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Arthritis frequently affects the low back and the sacroiliac joint, which connects the base of the spine to the hip joint. Often arthritis pain can mimic low-back or buttock pain.
Types of Arthritis
Osteoarthritis is a common condition among those over 50. The cartilage that cushions your joints (such as the knees or hips) gradually breaks down. Then the bones rub against each other. It can cause pain due to disc degeneration, bone spurs, and spinal stenosis. Learn more about osteoarthritis.
Rheumatoid Arthritis is a condition that causes joint inflammation. Over time, this inflammation may destroy the joint tissues. Rheumatoid arthritis is more common in women than in men and often begins between the ages of 40 and 60. Learn more about rheumatoid arthritis.
Juvenile Idiopathic Arthritis (JIA) is a childhood disease that causes inflamed, swollen joints. This makes joints stiff and painful. Some children with JIA grow out of it after they get treatment. Others will need ongoing treatment as adults. There are several types of JIA. Learn more about JIA.
Symptoms of Arthritis
The main symptoms of arthritis are:
- Swelling in the joints of the hands, wrists, elbows, feet, ankles, knees, or neck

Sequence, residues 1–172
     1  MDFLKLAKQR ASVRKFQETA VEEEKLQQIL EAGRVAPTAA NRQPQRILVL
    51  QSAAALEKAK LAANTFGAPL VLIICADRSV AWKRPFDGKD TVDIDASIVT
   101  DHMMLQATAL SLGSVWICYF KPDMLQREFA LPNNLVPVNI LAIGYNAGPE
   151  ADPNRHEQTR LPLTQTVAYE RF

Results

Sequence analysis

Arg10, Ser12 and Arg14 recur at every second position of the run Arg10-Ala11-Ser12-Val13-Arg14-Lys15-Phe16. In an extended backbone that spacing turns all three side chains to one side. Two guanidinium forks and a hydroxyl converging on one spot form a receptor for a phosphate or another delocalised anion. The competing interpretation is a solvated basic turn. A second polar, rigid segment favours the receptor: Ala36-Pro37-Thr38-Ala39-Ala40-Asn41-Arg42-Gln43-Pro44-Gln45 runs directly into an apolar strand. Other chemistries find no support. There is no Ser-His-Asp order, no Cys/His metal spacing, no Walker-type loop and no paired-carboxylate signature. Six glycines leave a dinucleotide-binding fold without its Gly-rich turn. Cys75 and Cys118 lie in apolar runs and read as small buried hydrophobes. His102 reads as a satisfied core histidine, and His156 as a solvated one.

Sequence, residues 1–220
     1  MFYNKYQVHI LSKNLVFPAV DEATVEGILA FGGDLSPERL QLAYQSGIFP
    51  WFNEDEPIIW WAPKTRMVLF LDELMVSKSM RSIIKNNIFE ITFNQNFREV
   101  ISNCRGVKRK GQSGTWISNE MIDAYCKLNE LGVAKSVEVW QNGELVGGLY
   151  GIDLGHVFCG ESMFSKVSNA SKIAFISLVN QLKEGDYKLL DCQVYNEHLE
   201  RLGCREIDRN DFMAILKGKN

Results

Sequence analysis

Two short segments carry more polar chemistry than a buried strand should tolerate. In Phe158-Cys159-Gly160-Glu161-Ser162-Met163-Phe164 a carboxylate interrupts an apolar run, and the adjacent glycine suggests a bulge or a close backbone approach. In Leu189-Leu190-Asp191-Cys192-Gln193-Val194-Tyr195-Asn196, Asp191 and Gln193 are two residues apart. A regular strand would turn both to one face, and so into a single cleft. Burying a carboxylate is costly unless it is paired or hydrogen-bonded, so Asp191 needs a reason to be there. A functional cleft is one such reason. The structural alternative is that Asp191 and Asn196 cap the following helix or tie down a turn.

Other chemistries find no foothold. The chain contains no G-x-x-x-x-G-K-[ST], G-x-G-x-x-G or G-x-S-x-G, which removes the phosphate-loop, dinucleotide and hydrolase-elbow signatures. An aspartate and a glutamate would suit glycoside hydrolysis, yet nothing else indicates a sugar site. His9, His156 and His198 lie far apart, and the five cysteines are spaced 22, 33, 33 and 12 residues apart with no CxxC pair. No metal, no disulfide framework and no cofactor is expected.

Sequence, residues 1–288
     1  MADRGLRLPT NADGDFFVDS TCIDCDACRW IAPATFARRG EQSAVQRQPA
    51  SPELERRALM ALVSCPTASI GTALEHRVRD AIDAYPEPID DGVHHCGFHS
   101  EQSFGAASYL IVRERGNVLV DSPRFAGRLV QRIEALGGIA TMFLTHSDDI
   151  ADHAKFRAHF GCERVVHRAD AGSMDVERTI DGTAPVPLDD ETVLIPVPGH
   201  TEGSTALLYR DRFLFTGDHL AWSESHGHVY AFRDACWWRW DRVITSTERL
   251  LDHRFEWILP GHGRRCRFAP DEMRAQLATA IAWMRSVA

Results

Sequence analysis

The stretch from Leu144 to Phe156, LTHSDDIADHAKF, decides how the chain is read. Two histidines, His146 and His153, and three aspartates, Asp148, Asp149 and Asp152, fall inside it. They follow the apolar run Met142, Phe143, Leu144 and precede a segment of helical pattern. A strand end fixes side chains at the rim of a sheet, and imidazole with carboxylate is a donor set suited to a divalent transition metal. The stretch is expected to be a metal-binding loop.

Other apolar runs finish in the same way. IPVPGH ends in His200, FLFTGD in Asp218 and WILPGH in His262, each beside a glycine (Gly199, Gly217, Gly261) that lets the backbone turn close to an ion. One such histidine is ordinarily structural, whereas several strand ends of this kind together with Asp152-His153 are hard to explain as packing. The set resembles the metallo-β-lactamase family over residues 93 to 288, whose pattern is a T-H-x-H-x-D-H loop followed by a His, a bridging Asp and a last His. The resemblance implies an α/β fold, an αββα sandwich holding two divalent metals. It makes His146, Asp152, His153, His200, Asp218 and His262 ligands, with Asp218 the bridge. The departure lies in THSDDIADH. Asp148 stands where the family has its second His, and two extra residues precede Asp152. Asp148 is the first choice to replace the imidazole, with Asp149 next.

Less common symptoms include muscle weakness, reduced range of motion, and joint deformity.
Rheumatoid arthritis usually affects both sides of the body at the same time. In rare but severe cases, it may affect the eyes, lungs, heart, nerves, or blood vessels. Sometimes the disease can cause bumps called nodules to form over the elbows, knuckles, spine, and lower leg bones.
Symptoms of JIA may also include problems walking, fever, and rash.
Treatment Options for Arthritis
There are many treatments for arthritis that can help with the pain and make it easier to move. You and your doctor will work together to find what works best for you.
- Physical therapy
- Anti-inflammatory medications, including NSAIDs and steroids
- Surgery, such as radiofrequency ablation
Why Choose Weill Cornell Medicine?
The physicians at the Weill Cornell Medicine Division of Pain Management specialize in treating pain and symptoms associated with all types of arthritis.
Our care team uses the latest research, the most advanced equipment, and innovative therapies to diagnose pain and develop customized pain management plans for each patient.
Weill Cornell Medicine often offers clinical trials, giving patients access to treatments that may not be available elsewhere. Learn more about Pain Management's current clinical trials.
We also work closely with a broad team of specialists to provide the highest quality care.
Contact us today to schedule a consultation.